Employees and executives in Chicago may still be experiencing frustration with ERISA long-term disability plan administrators when the worker qualifies for Social Security Disability Insurance benefits, yet is denied long-term disability benefits by his or her employer's disability plan administrator, or has the administrator terminate those benefits because the administrator claims the worker no longer qualifies for benefits under the plan's definition of "disability."
Many, if not all, plans provide that any benefits the plan pays the employee will be offset by any benefits received for Social Security Disability Insurance benefits. Some plans encourage, or even require, that the employee apply for such benefits. You may be troubled to learn that some plans then would not give consideration to the award of disability benefits to the employee by the Social Security Administration when reviewing a claim for benefits from the plan. The Supreme Court expressed such "serious concerns" in Metropolitan Life Insurance Co. v. Glenn, 554 U.S. 105, 118 (2008). It nevertheless still may occur in a variety of ways.
In one recent case, a self-funded long-term disability plan maintained by Qwest Communications Company actually required for an employee claiming benefits under the plan to apply for Social Security Disability Insurance Benefits. Torrey v. Qwest Communications Co., 2011 U.S. Dist. LEXIS 25587, at *3 (D. Colo. Feb. 28, 2011). The plan would then even hire a lawyer to apply for the benefits for the employee. Any retroactive award of benefits by Social Security for a time period that the plan had paid disability benefits to the employee would go straight to the plan, so that the employee recovered nothing from the Social Security Administration's award. In addition, the terms of the plan required an employee claiming benefits to also grant the plan authorization to automatically obtain any records from the proceeding before the Social Security Administration.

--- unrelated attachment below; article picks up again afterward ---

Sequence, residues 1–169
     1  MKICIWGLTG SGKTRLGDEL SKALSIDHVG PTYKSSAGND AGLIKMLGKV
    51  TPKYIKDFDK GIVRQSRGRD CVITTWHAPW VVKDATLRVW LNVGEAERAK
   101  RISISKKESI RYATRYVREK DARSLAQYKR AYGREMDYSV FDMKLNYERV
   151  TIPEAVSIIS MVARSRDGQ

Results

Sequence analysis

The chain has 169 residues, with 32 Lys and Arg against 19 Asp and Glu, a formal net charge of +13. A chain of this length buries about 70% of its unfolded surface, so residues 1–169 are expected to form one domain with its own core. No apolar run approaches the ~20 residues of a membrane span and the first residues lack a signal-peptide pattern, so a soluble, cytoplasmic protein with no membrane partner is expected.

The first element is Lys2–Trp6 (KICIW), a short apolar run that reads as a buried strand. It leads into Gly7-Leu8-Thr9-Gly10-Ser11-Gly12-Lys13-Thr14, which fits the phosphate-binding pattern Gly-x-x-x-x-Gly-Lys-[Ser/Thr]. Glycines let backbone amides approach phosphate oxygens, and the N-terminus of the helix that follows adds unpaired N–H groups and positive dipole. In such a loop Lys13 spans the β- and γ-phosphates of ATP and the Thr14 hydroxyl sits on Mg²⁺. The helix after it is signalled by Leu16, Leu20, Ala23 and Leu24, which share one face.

When the Qwest Disability Plan terminated Mr. Torrey's benefit payments, it did not give consideration to the fact that Mr. Torrey had been awarded benefits from Social Security, and did not even request the records from the Social Security Administration. The Court held in this case that the administrator failed to make adequate findings or failed to adequately explain grounds for the decision.
If you have questions about how a claim for Social Security Disability Insurance benefits will affect a claim for disability benefits under your employer's disability plan, consult an ERISA lawyer.